Yes, today is Ice Cream for Breakfast Day. Ice cream has been around for over 2,000 years, ever since the Romans mixed fruit with ice for a tasty snack. When electricity came along in the 1800s, freezers made it even easier to keep ice cream cold. Then during a blizzard in 1966, a mom named Florence Rappaport gave her kids ice cream for breakfast, since they were all stuck inside. They did the same thing a year later. When the kids went off to college, they told friends about this crazy idea, and a holiday was born. And hey, why not? If you top your ice cream with nuts, berries and granola on a whole grain waffle, it’s almost a healthy meal. If you missed Ice Cream for Breakfast this morning, try it tomorrow!
Wee ones: How many scoops of yummy “stuff” are on the waffle in the photo?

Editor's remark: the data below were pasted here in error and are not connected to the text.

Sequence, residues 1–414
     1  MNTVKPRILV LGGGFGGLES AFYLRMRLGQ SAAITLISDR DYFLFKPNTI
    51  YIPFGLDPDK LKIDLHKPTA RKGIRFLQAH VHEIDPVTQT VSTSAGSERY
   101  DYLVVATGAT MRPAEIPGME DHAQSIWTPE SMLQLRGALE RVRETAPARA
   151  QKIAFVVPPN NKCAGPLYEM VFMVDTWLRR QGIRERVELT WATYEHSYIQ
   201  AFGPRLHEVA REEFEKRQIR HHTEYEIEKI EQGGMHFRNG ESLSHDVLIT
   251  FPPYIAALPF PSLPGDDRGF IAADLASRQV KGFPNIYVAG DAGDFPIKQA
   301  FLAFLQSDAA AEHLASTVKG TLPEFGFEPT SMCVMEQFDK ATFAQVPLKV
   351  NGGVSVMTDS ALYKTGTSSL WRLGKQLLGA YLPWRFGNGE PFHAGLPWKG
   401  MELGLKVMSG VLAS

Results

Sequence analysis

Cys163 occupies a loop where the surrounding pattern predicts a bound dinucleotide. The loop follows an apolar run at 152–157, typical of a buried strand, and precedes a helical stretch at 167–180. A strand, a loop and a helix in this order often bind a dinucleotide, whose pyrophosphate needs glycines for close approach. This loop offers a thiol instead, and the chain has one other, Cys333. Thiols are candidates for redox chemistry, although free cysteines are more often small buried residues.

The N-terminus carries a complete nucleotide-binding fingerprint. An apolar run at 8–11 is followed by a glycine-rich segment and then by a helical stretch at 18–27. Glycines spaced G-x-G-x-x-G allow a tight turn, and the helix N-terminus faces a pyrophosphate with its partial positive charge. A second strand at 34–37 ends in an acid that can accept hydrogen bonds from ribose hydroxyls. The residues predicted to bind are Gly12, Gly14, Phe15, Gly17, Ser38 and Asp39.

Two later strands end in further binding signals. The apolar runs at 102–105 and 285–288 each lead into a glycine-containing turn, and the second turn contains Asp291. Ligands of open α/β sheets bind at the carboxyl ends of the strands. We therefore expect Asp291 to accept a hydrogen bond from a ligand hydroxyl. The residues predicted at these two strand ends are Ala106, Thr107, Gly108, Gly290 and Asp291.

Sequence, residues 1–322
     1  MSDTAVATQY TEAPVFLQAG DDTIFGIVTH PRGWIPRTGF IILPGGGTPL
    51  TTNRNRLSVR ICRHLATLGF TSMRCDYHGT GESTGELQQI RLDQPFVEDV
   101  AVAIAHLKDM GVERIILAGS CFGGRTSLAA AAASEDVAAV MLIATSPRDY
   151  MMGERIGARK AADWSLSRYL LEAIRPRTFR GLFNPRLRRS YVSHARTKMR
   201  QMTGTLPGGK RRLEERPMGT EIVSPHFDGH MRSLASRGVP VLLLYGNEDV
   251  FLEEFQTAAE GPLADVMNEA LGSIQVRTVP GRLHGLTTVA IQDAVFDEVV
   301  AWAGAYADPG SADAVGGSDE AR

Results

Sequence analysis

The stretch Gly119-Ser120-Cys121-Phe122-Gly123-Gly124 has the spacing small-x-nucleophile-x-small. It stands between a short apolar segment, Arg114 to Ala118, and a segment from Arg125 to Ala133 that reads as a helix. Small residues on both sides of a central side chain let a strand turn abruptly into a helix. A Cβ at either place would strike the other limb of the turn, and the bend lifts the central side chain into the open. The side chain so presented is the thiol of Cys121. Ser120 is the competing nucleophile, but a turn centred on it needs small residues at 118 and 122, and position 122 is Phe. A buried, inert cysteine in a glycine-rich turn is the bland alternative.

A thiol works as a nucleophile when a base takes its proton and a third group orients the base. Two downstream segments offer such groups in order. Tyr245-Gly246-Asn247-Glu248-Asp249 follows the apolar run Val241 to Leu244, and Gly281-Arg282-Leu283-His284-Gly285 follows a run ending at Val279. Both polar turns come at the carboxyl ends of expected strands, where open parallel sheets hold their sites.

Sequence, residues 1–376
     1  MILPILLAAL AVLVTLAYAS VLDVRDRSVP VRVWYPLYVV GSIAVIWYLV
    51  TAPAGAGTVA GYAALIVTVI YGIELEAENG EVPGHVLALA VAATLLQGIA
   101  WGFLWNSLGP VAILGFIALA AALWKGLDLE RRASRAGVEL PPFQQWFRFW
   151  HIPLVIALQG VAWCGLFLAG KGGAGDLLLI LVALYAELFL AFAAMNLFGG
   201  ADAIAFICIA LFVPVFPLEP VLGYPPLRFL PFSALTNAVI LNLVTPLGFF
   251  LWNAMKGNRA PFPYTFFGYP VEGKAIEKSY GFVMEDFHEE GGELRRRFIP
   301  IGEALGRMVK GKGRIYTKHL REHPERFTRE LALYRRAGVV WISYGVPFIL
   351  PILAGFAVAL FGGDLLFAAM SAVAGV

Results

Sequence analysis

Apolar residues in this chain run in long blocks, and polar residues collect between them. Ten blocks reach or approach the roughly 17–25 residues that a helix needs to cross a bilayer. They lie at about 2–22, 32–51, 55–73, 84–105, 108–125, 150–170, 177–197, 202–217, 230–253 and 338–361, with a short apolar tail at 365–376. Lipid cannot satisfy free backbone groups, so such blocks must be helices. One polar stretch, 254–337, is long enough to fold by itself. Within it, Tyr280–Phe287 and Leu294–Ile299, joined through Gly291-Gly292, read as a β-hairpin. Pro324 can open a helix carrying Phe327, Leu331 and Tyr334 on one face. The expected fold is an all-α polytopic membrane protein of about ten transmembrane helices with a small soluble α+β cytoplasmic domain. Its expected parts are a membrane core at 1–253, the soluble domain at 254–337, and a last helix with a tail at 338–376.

Little kids: If you scoop chocolate, vanilla, mint, peanut butter cup, and coffee chip, which of those flavors is the 4th one? Bonus: If you’re hungry enough to eat only 3 of those flavors, how many flavors do you leave behind?
Big kids: If you eat ice cream for breakfast only 1 day this year, how many days do you not eat it? (Reminder: 2020 is a leap year, with 366 total days!) Bonus: If you scoop your ice cream for breakfast at 7:55 am, and it melts completely in 27 minutes, will you get to eat any in ice cream form at 8:30 am?
Wee ones: 4 scoops.
Little kids: Peanut butter cup. Bonus: 2 flavors.
Big kids: 365 days. Bonus: No, since it will all melt by 8:22 am.
Laura Bilodeau Overdeck is founder and president of Bedtime Math Foundation. Her goal is to make math as playful for kids as it was for her when she was a child. Her mom had Laura baking before she could walk, and her dad had her using power tools at a very unsafe age, measuring lengths, widths and angles in the process. Armed with this early love of numbers, Laura went on to get a BA in astrophysics from Princeton University, and an MBA from the Wharton School of Business; she continues to star-gaze today. Laura’s other interests include her three lively children, chocolate, extreme vehicles, and Lego Mindstorms.